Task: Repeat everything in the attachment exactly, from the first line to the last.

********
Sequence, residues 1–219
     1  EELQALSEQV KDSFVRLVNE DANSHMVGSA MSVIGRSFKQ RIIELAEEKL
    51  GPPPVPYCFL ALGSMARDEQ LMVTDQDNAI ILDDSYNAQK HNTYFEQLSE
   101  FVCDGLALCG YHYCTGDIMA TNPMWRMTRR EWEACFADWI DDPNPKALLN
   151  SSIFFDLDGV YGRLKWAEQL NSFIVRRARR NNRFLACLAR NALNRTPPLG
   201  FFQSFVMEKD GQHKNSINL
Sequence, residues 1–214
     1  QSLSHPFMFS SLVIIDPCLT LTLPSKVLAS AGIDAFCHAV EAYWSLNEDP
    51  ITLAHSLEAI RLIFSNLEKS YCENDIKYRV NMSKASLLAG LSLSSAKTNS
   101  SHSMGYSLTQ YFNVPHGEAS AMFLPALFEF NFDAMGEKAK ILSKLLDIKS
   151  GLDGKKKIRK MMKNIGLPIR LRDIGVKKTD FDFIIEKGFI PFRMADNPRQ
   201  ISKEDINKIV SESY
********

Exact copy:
Sequence, residues 1–219
     1  EELQALSEQV KDSFVRLVNE DANSHMVGSA MSVIGRSFKQ RIIELAEEKL
    51  GPPPVPYCFL ALGSMARDEQ LMVTDQDNAI ILDDSYNAQK HNTYFEQLSE
   101  FVCDGLALCG YHYCTGDIMA TNPMWRMTRR EWEACFADWI DDPNPKALLN
   151  SSIFFDLDGV YGRLKWAEQL NSFIVRRARR NNRFLACLAR NALNRTPPLG
   201  FFQSFVMEKD GQHKNSINL
Sequence, residues 1–214
     1  QSLSHPFMFS SLVIIDPCLT LTLPSKVLAS AGIDAFCHAV EAYWSLNEDP
    51  ITLAHSLEAI RLIFSNLEKS YCENDIKYRV NMSKASLLAG LSLSSAKTNS
   101  SHSMGYSLTQ YFNVPHGEAS AMFLPALFEF NFDAMGEKAK ILSKLLDIKS
   151  GLDGKKKIRK MMKNIGLPIR LRDIGVKKTD FDFIIEKGFI PFRMADNPRQ
   201  ISKEDINKIV SESY